There’s nothing better than spending a snowy weekend tucked away at the cottage, cozy in front of the fireplace. If you’re the owner of a three-season property, the vision is enough to make you consider winterizing your cottage for year-round use.
But turning your cottage into an all-seasons getaway is often a big investment. Not only can it be expensive, it may also take more time and cause more headaches than you’re prepared for. Given the high cost, here are some questions that you should ask before jumping headfirst into a reno project:
How often will you realistically visit in the winter?
Committing to renovating your cottage also means committing to spending time at the cottage. In terms of finances and holiday time, this might make your annual visit to the Dominican Republic a no-go. Alternately, are you willing to rent out your cottage during the winter months?
What recreational activities are available?
When the closest services are closed for the season and it’s much too cold to go swimming, what will you do to pass the time? Similarly, nearby facilities and activities will be important factors if you plan on turning your cottage into a part-time rental property. If the water stays open and you’re unable to go skating, ice fishing, or access good snowshoeing trails, then what’s the point?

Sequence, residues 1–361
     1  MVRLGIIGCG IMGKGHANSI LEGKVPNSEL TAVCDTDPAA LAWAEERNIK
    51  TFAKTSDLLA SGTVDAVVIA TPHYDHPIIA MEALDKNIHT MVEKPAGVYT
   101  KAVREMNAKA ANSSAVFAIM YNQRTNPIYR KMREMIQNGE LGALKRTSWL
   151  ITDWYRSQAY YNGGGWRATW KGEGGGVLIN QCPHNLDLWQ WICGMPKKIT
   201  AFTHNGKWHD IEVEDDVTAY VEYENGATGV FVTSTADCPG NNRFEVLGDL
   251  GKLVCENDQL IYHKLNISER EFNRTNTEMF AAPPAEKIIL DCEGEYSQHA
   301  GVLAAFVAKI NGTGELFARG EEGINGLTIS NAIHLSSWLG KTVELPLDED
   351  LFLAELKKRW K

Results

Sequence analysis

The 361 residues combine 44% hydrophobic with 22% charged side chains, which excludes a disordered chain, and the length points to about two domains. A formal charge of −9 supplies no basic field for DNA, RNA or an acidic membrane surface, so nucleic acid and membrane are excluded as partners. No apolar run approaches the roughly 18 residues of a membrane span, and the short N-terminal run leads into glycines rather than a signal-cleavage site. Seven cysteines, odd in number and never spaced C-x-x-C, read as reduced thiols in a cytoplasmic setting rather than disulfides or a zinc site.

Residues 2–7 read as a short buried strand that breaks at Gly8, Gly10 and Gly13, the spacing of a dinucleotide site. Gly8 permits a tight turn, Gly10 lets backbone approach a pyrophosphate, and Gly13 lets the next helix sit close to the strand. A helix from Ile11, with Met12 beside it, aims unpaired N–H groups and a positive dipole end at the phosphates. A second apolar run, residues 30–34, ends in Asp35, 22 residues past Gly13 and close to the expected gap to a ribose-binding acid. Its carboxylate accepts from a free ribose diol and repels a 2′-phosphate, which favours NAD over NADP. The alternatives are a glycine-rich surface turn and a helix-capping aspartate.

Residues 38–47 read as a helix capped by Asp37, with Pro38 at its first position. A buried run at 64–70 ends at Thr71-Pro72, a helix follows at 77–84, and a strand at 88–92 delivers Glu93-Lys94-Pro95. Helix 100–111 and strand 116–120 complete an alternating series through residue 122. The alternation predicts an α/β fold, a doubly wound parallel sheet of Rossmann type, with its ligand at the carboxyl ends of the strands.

How is the drive to the cottage in the winter?
Is the cottage’s main road ploughed regularly? Will you be able to easily access your cottage in the winter via both main highways and local roads? And if your cottage is located at the end of a long uphill driveway, you’ll want to investigate the cost of hiring a maintenance company to clear snow and ice. (Otherwise, start training now to get out and push.)
What are the plumbing options?
Is your septic system designed for year-round use? According to renovation expert Mike Holmes, summer-only cottages often need to have their piping entirely redone to prevent bursts.
What are the heating options?
Even if you have electric heating or a woodstove, these may be expensive or unreliable options during the winter months. You may need to install a furnace and ductwork throughout.
What are the insulation options?
The cottage will need insulation, sealed cracks, and double-paned windows. To prevent moisture build-up—and mould—you may also need to tear out your existing drywall in order to install a vapour barrier.
Are electricity upgrades necessary?
Even though you may still be planning on using your cottage as a vacation home during the winter months, higher electricity use in the winter months may increase your load. Upgrading may be expensive and will require licensed electricians.
Can you get the necessary permits?
Holmes wrote in the Globe & Mail that renos may be considered “new constructions” and “will probably fall under new building codes that weren’t in place when the cottage was first built.” Bringing your cottage up to code may result in unexpected expenses.
Is there enough storage space for all of the extra stuff you’ll need?
You’ll need someplace to keep all your new winter toys! (Well, that and less fun stuff like shovels and snow blowers.)
What will be the return on investment?
What will be the overall value of the cottage as a four-season property—both in terms of personal use and resale potential? Chris Winney of Royal LePage ProAlliance Realty in Northbrook, Ont., weighs in on the issue here.